“I really like this image, the white associates for me - light or enlightenment and therefore knowledge, the instrument is an expression of creativity to me. Saraswati, a female deity, embodies empowerment, strength, creativity and openness. A very beautiful and loving image connected to the arts and music in particular” - Saxaphone and Flute player, Jazz Musician Biggi Vinkeloe
“It’s both inspiring and beautiful that there is deity for art and knowledge, emphasising the importance of these aspects of life. I feel like there is a deeper appreciation and respect for the arts here - that it is seen as an equally important part of life as other aspects and that it should not be reduced to merely a hobby or entertainment. The spirituality of music is something that also speaks to me - I seek to create music that, to me, has a soul and connects to the spiritual” - Violinist Nema Vinkeloe
Jazz has always been associated with musical liberation and freedom, much like Carnatic music of South India. But truth be told, it is difficult for women musicians, especially composers and instrumentalists to break into the big league. At some point it was decided it was okay to have women pianists, cellists, flautists in jazz but no… women were not meant for the big brass instruments.
It was wonderful therefore to connect with Biggi Vinkeloe of Oakland, CA, who is a rarity in jazz. She plays the alto saxophone as well as flute as main instruments and is touring India with her violinist daughter Nema Vinkeloe, both of whom jammed with South Indian musicians recently, breaking several musical boundaries.
Speaking about her musical collaborations, Biggi says they have had “amazing experiences working with both men and women in India. We do feel that we share the same view on gender equality.”
Biggi and Nema are big on advocacy for gender equality, and are open about not liking to interact with musicians “who are not advocating for gender equality and who would treat people differently depending on gender. At the same time, we are very conscious (as are our colleagues) that the music business as a whole still has a long way to go before everyone is respected in his / her own right and paid accordingly,” Biggi told CSP.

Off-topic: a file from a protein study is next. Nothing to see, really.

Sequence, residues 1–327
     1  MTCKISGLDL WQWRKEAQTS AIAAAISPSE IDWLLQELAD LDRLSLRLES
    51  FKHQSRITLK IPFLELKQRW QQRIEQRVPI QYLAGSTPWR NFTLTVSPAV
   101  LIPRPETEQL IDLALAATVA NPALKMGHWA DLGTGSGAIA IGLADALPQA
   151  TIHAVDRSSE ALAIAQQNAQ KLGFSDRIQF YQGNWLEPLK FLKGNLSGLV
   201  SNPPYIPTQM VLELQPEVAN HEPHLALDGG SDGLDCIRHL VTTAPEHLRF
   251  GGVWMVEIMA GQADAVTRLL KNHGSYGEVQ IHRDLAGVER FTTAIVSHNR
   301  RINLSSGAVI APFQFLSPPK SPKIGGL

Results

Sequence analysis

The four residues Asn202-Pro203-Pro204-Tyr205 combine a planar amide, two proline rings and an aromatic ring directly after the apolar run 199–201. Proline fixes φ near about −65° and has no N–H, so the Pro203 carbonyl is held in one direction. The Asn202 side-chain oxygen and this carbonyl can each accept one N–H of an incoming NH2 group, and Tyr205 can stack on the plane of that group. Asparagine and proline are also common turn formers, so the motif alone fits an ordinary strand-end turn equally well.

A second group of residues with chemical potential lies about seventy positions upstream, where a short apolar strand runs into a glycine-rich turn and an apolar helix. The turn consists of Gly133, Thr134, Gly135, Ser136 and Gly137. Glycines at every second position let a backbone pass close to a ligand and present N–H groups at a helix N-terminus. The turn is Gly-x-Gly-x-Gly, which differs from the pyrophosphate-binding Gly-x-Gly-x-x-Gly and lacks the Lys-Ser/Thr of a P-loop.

Nema, a young violin player, has been working with her mother and South Indian musicians on an album. She says all the instrumentalists she has played with have been male. “In India, from my observation, the “female” instruments seem to mainly include tanpura, violin, veena and voice. It is rare to see women playing other instruments, especially percussion. This is not unique to India - the same can be observed in Europe.”
“Female musicians are still a minority, and there is also a limited number of instruments that are perceived as accessible for women. We know that this is (slowly) changing - there are female tabla and ghatam players, for example, but seen in proportion, women musicians are still a minority. As a result, we have often been the only women instrumentalists when playing with Indian musicians. That being said, we have always felt treated with respect and seen as equals to the other musicians. In the future, I would wish that we have the opportunity to play with more female musicians - as in every other aspect, diversity brings so much more joy and variety!”
Biggi says that today there are more and more women instrumentalists on stage in all genres of music because of the work of women musicians of the past. “In classical Symphony Orchestras the revolution started just thirty or forty years ago, when the conductor Karajan forced the Berlin Philharmonic Orchestra to play for the violinist Ann-Sophie Mutter in 1977. After that, in 1982, auditions were held behind a curtain and soft carpeting so you could not hear the shoes and high heels on the floor. Amazingly, this increased the number of women instrumentalists dramatically - since then, auctions behind curtain to prevent gender preference are the rule.”